Doctor of Nursing Practice (DNP) Projects

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This work is licensed under a Creative Commons Attribution-Noncommercial-No Derivative Works 3.0 License.

Embargo Period

5-9-2012

Degree Program

Doctor of Nursing Practice

Degree Track

Family Nurse Practioner

Year Degree Awarded

2011

Month Degree Awarded

May

Keywords

fall prevention, post-fall, accidental falls, falls in long term care and falls in the elderly

Advisor

M. Christine King

DNP Project Chair

Jacelon S Jacelon

DNP Project Member Name

Donna Zucker

DNP Project Outside Member Name

Peter S Connolly

Abstract

BACKGROUND OF PROBLEM:

Falls, can be a devastating source of morbidity and mortality for the older adult. According to a recent CDC Report, “Falls Among the Older Adult”, more than one third of adults aged 65 and older fall each year in the United States and falls are the leading cause of injury deaths. Falls are also the most common cause of nonfatal injuries and hospital admissions for trauma in the older adult population (CDC Report). Unfortunately, the rate of fall-related deaths is increasing over the last decade despite aggressive interventions. Finding the right intervention to prevent falls has been difficult, if not impossible. Because older adults living in long term care institutions continue to fall despite the implementation of evidence-based guidelines to prevent falls, identifying the causes of each fall is critical to preventing future falls. Implementing post-fall huddles (PFH) shows promise for reducing falls in individuals in long term care facilities.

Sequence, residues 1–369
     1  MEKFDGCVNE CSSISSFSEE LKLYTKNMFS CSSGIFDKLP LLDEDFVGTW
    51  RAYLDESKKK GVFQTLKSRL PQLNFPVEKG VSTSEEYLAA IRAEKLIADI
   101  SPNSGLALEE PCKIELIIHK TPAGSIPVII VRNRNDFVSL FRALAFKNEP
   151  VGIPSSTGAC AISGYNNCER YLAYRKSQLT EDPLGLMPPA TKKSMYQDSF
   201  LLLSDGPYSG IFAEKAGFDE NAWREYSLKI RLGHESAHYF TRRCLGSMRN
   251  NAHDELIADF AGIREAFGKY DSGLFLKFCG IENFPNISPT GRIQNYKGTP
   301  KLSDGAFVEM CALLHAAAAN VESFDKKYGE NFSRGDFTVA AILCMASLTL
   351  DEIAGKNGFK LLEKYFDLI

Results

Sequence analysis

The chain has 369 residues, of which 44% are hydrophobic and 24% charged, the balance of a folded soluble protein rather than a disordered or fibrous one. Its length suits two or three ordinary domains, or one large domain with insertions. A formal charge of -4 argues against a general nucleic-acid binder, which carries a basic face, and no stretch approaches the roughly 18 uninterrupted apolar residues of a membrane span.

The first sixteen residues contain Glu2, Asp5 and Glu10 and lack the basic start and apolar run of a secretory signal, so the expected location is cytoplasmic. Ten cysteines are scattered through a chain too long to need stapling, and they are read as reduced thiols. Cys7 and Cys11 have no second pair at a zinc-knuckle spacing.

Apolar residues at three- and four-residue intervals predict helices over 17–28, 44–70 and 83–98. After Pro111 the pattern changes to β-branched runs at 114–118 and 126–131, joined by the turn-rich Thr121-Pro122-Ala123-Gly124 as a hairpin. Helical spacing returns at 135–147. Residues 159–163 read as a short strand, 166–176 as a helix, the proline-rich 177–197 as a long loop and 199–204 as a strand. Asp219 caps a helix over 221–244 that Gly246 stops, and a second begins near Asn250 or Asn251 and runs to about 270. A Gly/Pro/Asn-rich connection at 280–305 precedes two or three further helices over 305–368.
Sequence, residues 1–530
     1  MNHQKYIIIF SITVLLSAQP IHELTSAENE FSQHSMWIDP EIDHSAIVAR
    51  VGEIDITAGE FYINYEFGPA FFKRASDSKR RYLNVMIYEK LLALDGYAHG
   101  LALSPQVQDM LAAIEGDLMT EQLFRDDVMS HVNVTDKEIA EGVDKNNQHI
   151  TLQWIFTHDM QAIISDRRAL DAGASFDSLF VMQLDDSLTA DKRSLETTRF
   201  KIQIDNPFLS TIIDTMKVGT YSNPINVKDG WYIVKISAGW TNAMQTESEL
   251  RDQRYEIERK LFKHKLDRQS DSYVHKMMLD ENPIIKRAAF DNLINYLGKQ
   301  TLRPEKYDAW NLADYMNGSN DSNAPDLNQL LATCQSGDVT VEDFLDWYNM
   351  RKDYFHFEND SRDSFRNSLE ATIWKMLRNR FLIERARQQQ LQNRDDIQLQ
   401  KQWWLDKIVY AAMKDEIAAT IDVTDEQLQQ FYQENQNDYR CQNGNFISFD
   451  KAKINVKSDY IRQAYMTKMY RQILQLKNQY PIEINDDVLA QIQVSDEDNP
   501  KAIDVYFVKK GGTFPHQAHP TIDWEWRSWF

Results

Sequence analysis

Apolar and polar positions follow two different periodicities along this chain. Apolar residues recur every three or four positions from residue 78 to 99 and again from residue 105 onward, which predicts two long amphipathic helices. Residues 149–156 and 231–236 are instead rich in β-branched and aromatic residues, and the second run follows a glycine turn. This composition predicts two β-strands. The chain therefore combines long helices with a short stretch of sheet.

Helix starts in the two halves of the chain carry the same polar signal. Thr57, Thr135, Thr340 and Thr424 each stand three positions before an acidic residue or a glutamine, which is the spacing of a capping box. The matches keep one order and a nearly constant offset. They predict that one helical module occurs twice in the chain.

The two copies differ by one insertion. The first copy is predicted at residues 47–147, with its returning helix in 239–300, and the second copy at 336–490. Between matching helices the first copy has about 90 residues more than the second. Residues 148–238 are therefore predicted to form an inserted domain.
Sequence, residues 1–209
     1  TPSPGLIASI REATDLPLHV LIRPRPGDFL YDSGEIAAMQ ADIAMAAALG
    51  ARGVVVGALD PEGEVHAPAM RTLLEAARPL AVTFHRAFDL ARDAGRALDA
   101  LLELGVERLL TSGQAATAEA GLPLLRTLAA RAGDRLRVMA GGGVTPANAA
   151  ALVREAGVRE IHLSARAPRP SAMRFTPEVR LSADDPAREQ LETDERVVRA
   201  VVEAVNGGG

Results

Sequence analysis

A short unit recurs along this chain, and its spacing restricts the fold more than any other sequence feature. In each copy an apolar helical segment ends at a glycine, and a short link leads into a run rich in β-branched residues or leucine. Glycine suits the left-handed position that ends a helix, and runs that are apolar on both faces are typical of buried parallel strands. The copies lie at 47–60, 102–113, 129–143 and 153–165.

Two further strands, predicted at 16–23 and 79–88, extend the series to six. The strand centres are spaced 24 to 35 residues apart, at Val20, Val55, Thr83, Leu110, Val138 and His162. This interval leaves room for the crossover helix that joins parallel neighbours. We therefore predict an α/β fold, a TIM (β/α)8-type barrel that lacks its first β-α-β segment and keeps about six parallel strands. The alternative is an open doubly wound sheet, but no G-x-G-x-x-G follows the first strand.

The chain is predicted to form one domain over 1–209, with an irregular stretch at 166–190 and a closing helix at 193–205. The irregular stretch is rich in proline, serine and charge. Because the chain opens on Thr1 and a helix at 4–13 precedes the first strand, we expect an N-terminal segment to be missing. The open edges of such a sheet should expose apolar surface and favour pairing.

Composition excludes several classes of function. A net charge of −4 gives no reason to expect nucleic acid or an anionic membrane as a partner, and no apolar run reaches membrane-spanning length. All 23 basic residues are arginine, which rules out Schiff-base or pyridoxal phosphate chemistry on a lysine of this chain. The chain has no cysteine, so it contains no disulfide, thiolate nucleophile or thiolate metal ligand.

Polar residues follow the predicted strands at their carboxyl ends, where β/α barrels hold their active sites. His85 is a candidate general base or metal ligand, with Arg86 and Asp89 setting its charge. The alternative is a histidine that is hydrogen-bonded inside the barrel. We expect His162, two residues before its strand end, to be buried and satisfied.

OBJECTIVE:

To implement PFHs and assess the impact of PFHs on the number of patients with repeat falls, the number of falls for each patient with a fall history, and the fall rate at Tewksbury Hospital.

METHODS:

Post-fall Huddles were implemented on all Department of Public Health Units at Tewksbury Hospital for a three month period of time. The primary outcome measure was staff compliance rates for the PFH intervention, measured as a percent of huddle forms completed for each fall. Secondary indicators measured the overall fall rate per 1000 patient days, and a reduction in the number of patients who fell recurrently. Data was compared to rates from the same quarter last year, and for the quarter immediately preceding the intervention.

RESULTS:

Descriptive analysis was used to examine the PFH compliance, fall rates pre and post-intervention, and the number of recurrent fallers. Mean PFH compliance rates were 40% for the entire intervention period. The mean fall rate was 7.62 post-intervention, compared to 7.91 for the same quarter last year. The mean number of patients with repeat falls was 9 compared to 11 for the same quarter last year. Although improvements were small, they may indicate that the implementation of PFHs by a multidisciplinary team may impact patient fall rates in sub-acute long term care facilities.

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